Q: Do varicose veins increase my risk of blood clots?
A: Varicosities do not increase your risk of having deep venous thrombosis (DVT). They can increase your risk of having clots in the superficial veins or in the varicosities themselves, because blood flow in these abnormally dilated veins is not laminar. The blood eddies in the bulging varicose vein and when blood pools, it can clot.
Q: Are varicose veins just a cosmetic problem?
A: Some people have small spider veins that do not cause discomfort or disability, and in these cases, treatment may be considered purely cosmetic. However, varicose veins that cause discomfort, or that are associated with clotting or bleeding episodes or skin damage are called symptomatic varicosities, and are considered a medical problem warranting insurance coverage.
Q: Do my varicose veins predispose me to stroke or heart attack?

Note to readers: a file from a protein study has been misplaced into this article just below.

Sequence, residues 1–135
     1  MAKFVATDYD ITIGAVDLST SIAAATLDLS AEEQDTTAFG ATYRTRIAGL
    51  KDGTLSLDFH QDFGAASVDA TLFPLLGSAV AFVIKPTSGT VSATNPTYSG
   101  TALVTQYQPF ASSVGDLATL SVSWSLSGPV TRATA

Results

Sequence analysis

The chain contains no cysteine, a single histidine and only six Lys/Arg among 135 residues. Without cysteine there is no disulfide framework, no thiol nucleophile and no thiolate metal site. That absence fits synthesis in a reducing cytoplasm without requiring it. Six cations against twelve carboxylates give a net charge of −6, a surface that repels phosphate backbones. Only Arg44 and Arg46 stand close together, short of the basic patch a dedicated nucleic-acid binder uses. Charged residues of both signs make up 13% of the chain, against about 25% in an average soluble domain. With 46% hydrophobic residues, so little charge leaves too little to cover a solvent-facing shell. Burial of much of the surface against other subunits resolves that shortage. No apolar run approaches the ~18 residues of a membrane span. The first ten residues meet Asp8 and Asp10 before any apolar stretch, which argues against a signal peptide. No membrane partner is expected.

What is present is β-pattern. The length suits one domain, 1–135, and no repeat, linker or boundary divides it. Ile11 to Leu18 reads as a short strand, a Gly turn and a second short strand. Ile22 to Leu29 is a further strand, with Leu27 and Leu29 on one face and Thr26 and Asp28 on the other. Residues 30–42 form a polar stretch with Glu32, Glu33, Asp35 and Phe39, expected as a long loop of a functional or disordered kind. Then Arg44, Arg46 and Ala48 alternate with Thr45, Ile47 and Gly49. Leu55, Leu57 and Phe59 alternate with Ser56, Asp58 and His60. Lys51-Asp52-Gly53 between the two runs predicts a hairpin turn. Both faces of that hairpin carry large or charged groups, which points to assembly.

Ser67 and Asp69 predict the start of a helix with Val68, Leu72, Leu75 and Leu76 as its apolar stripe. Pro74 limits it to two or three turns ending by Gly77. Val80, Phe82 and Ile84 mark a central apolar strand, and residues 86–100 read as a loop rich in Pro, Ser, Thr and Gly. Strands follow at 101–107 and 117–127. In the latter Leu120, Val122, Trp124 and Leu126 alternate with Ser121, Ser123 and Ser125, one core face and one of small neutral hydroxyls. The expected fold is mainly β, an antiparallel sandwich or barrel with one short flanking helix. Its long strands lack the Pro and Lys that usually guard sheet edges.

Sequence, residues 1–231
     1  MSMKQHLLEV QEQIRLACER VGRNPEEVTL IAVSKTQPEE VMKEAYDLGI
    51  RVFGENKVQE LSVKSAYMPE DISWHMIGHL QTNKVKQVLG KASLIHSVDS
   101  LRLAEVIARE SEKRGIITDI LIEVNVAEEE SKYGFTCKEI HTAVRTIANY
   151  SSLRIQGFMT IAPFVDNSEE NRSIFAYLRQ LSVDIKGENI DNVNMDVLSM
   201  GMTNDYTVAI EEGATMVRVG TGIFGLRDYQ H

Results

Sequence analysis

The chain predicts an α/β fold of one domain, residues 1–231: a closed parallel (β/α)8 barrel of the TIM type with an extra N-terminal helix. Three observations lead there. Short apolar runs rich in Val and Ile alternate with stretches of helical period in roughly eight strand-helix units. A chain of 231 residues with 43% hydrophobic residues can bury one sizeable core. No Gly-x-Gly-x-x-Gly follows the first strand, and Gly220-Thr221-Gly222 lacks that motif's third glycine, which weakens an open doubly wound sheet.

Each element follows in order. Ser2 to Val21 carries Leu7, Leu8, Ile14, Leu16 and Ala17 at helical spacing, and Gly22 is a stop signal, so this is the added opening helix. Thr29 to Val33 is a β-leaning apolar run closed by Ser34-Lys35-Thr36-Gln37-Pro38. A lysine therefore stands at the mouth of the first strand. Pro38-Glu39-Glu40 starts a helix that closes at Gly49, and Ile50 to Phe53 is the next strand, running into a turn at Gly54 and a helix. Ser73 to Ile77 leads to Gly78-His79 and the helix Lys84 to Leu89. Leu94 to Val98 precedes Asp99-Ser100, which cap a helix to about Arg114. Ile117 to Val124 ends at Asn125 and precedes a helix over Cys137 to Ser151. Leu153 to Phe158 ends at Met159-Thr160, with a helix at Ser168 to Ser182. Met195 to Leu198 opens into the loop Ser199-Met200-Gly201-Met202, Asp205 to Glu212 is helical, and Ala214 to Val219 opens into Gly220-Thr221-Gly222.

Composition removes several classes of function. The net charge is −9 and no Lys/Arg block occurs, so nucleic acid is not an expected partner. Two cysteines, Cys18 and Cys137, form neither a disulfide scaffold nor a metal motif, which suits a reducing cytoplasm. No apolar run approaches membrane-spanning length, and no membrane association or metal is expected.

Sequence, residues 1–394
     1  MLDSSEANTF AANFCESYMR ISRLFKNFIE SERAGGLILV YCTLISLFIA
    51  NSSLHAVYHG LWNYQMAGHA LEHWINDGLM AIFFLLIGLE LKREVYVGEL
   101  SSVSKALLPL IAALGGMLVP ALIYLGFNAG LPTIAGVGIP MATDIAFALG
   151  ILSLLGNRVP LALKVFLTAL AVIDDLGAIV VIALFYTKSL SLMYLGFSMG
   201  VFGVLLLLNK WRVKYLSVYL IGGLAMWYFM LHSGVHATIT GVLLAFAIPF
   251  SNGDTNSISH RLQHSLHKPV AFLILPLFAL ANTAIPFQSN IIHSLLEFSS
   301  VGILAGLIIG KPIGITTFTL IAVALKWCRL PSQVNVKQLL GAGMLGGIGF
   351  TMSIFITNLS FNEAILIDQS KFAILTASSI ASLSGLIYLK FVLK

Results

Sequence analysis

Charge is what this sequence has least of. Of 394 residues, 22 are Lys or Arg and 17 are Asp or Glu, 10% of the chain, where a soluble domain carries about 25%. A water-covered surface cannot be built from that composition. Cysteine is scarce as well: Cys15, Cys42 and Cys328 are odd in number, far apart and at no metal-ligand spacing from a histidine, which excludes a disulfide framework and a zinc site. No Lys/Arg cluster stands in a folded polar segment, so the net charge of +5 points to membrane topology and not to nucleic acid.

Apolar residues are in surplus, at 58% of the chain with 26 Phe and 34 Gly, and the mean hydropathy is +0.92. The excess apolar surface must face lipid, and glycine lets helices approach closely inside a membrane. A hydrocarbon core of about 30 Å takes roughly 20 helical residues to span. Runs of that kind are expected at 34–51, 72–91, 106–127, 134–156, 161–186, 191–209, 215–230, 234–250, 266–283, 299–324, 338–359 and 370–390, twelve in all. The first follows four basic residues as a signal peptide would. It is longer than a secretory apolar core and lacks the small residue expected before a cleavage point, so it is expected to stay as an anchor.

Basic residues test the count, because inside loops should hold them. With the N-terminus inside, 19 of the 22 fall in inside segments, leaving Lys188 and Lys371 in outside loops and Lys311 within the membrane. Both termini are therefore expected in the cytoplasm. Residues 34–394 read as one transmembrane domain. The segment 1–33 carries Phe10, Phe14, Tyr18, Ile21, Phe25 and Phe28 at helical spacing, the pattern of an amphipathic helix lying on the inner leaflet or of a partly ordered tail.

A: No. Veins and arteries diseases are not directly related. Stroke and heart attack are arterial problems. Risk factors for arterial problems include high blood pressure, high cholesterol, diabetes, smoking, family history of atherosclerosis, getting older, and being a man.
Q: What are risk factors for varicose veins?
A: Increasing age, being a woman, childbirth, leg trauma or leg surgery, family history for varicose veins, deep venous thrombosis (DVT), obesity, and standing jobs or sedentary lifestyle all increase risk of developing varicose veins. Crossing your legs, standing on hard flooring, and pounding exercise like running probably does not increase your risk significantly.
Q: Does my insurance cover treatment for varicose veins?
A: If your varicosities are symptomatic (see #2 above), then you should be eligible for insurance coverage. Your insurance company will mandate that you have been compliant with conservative management for at least 3 months. This implies that you are striving to maintain an active lifestyle and ideal body weight and are wearing compression stockings. Click here for where to buy compression stockings.
Q: When do I wear my compression stockings?
A: You should wear your compression stockings when you are sitting and standing for long periods. You do not need to wear them at nighttime or when exercising, unless you want to.
Please visit the Additional Resources section for a listing of some local compression stocking vendors.